Air Quality In The Car

 

In 1934 Australians were world leaders in automotive air quality, rolling out the new ‘Ford Coupe Utility’. In the previous year, a letter arrived at Ford from a Gippsland farmer who said: “I want you to build a car in which I can take my Mrs. to church on Sunday and carry my pigs in the back on Monday”.

 

At the time there was no passenger vehicle that could possibly transport pigs to market whilst being fit for a lady. Perhaps the farmers’ wife was previously being driven around in a van or a truck and the idea of going to Church still smelling like she had just come from a pigs pen wasn’t very appealing.

 

Perhaps this farmer got the idea from the outhouse. In those days of lower hygiene standards having the toilet completely separated from the house would ensure no bad smells would enter into the home.

 

The humble ute combined the comfort and cleanliness associated with a sedan combined with the load carrying capacity of a van. Having a seperate area for passengers was a leap forward in hygienic transportation because the passengers weren’t exposed to the smells and allergens given off by other goods being transported in the vehicle.

 

Unfortunately today Station Wagons, Vans and Hatchbacks are still used to transport tools, pets, petrol containers, plant life, etc… (even being used as makeshift motorhomes) which creates a haven for mould, bacteria, dust, pollen and other allergens. If you regularly transport things like these a sedan, ute or a van with a completely separate passenger area is a much better alternative for air quality.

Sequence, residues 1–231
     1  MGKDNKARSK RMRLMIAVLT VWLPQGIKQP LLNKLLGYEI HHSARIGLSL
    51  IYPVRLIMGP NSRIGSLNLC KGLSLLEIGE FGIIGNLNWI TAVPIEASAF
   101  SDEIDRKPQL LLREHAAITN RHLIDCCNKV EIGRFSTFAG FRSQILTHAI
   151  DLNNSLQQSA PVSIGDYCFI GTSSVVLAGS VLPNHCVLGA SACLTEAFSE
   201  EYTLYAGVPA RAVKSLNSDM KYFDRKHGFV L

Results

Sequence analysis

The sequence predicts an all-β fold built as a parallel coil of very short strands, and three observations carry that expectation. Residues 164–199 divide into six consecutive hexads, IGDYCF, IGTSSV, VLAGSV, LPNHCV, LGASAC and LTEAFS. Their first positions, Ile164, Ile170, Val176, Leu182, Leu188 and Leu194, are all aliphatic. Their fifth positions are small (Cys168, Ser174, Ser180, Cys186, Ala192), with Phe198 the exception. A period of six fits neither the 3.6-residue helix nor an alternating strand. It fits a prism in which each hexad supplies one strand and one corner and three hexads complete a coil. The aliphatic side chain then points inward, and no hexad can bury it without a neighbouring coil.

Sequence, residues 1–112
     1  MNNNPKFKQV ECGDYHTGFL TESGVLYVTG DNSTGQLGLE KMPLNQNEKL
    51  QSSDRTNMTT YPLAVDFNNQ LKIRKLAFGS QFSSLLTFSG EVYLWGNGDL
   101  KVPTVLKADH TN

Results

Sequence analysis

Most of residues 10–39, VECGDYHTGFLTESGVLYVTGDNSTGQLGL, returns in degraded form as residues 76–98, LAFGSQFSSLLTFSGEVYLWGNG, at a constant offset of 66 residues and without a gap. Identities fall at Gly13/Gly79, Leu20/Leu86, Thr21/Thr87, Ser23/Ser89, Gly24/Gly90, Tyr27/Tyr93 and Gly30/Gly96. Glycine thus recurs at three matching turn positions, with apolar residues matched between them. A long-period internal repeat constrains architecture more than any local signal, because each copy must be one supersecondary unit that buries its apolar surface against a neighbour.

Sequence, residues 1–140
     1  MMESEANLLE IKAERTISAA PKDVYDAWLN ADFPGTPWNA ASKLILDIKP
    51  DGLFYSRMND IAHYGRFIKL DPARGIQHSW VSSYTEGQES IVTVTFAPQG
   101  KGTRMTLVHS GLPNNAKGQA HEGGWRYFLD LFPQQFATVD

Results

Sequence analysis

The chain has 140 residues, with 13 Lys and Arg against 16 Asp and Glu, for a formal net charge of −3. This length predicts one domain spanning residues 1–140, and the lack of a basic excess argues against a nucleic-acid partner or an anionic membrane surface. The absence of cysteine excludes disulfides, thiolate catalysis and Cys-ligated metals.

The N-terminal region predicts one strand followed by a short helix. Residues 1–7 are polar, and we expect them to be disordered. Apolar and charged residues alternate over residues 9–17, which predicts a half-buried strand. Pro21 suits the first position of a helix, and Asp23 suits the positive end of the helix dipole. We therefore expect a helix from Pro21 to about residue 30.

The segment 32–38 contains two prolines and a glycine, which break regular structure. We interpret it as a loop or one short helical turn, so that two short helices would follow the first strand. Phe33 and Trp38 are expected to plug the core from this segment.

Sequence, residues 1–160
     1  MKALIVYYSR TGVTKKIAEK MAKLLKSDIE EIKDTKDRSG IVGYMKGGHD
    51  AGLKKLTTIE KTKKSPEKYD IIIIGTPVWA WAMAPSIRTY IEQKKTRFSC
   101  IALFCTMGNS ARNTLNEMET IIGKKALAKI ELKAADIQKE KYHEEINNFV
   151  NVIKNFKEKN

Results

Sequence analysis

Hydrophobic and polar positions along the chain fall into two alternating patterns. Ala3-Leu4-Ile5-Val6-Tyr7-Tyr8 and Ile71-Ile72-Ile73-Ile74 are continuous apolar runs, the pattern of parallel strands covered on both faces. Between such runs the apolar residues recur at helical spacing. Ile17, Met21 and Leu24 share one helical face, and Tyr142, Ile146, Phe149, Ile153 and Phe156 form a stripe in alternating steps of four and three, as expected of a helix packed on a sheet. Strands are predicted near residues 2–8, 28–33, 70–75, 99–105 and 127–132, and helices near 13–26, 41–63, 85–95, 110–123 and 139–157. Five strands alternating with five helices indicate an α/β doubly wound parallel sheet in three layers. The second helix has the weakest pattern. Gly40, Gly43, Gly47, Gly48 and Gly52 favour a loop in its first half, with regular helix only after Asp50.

Obviously cleaning the interior of your car is an important aspect of air quality. Keeping wet items away from the upholstery will prevent mould and bacteria from growing. Also giving your car a good steam clean once a year will keep your interior looking and smelling like it should.

 

 

Modern cars will often come with cabin air filters which filtrate the air coming in your car through the vents. It is important to clean and replace cabin filters regularly. The cabin filter shown is a K & N version that can be cleaned every 10,000kms or so and will never need to be replaced. Most other cabin air filters made from inferior materials cannot be cleaned as effectively and are considered disposable.

 

It is also good to note that older cars often have more stains in the interior and more mould – especially in hot, humid climates. Also older cars tend to leak oil and other engine fluids which can create more of a toxic environment inside the car. That being said a well-kept older car would most likely still have better air quality than a newer car with a dirty interior.

 

The use of a refillable air freshener is a cost-effective way to keep your car smelling nice. If you refill the air freshener with something like eucalyptus oil it will help clear your airways and prevent allergy symptoms.